Web Apps

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Applications and the Open Web

Excerpts from TimBL post to the TAG mailing list:

The open web platform is a strong contender

for apps which you write once[,] run anywhere and end up being a better alternative [to], or quietly

moving out, native apps on all [kinds] of device.

...

Note that when people talk about installation, they often immediately discuss

packaging and manifest formats, which will need to be defined, and for which we might have more than one, but is not the crux of the issue -- the crux is

allowing it access to precious and/or sensitive resources.

Presentation Outline

Introduction

Web apps have got to be able to completely act as agents trusted by the user, like for example

  • a web browser
  • a calendar client
  • an IMAP client

and so on. None of these can currently be written as a web app, because of same origin policies.

As a user, when I install an app, I want to be able to give it access to a selection of:

  • Program storage, to a limit
  • Whether it is permanently available or downloaded or cached for a while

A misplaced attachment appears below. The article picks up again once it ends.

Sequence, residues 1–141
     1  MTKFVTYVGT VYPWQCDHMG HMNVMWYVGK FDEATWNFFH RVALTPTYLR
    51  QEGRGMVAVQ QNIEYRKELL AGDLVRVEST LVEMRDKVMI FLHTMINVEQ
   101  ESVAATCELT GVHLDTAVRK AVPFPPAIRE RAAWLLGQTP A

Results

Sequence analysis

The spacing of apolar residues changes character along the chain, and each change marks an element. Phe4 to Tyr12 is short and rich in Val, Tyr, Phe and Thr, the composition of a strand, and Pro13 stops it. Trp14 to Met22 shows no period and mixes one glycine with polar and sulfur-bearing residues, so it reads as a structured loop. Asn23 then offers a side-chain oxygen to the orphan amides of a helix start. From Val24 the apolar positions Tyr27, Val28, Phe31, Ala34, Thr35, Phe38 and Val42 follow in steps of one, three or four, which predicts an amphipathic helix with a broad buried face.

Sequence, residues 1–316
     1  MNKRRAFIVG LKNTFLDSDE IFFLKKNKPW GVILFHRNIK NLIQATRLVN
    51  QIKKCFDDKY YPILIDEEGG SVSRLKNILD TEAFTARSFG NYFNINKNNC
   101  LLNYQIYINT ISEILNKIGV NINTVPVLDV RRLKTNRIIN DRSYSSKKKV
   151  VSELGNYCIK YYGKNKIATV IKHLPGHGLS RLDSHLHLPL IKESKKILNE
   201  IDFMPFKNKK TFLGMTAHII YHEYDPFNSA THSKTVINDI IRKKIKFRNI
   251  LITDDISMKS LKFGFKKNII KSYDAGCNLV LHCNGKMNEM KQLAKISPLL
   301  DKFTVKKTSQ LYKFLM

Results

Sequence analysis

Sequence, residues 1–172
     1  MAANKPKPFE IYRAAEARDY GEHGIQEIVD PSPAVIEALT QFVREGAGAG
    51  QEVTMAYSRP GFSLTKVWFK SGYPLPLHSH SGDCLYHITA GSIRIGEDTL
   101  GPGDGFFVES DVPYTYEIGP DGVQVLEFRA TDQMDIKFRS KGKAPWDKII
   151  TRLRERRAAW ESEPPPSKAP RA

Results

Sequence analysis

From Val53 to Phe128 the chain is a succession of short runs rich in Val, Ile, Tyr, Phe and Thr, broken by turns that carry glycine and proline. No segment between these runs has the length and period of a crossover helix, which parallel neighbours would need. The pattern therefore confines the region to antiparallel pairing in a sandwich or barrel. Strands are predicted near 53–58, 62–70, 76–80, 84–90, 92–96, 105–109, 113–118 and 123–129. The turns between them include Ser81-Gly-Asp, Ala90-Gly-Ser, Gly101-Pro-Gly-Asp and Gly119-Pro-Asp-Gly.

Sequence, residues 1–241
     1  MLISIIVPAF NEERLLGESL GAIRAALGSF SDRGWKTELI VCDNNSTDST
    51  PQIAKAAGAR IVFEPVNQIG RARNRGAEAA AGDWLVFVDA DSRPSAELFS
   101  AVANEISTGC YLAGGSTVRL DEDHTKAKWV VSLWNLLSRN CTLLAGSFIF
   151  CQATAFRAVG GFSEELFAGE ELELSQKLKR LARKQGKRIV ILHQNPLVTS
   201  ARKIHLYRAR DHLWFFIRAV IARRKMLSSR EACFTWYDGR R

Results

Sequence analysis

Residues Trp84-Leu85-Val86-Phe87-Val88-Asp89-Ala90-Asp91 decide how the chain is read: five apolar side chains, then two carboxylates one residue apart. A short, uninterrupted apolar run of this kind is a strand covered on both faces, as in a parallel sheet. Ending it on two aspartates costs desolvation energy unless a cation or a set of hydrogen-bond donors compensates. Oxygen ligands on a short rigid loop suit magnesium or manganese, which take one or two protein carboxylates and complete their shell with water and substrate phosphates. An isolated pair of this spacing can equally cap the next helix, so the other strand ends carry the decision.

• Access to RAM at runtime, to a limit
  • Access to the net, maybe to a bandwidth limit
  • CPU time when in background, to a limit
  • Ability to access anything on the web
  • Access to its own local storage up to a given limit
  • Access to shared local storage up to a given limit
  • Access to my location, as we currently allow an origin
  • Access to my video and/or still camera
  • Access to my microphone
  • Access to other sensors such as temperature, accelerometer, etc.

I want to be able to see where all the resources (including CPU, RAM, 'disk') on my device are being used up, just like I can with stored music, movies, and other media.

I may want some default profiles for all the above.

(I'll want to sync the app's local and shared data storage between all my devices too.)

If I can't give these powers to web apps, then the web app platform cannot compete with native apps.

I don't want the value of these setting to be the originating domain name for the script or the app, as that is too high a granularity.

Platform Agnosticism

In order to be truly Platform (operating system, hardware, etc.) Agnostic, as a Web App should be, the following must each be treated separately --

  • User Identity(ies)
  • Data Object Identity(ies)
  • Data Model(s)
  • Data Representation Syntax(es)
  • Data Serialization Format(s)
  • Data Access Protocol(s)

User Identities help enable construction of User Profiles, which are basically collections of the restrictions and/or permissions listed above.

Best case, a User Profile would be entirely portable, and enable activation of a new device with pre-existing application setup, with minimal user interaction focused only on new configuration options (e.g., where a new device has a camera and the Profile contains no camera-related settings).

...

Links

seeAlso

Mozilla app market https://marketplace.mozilla.org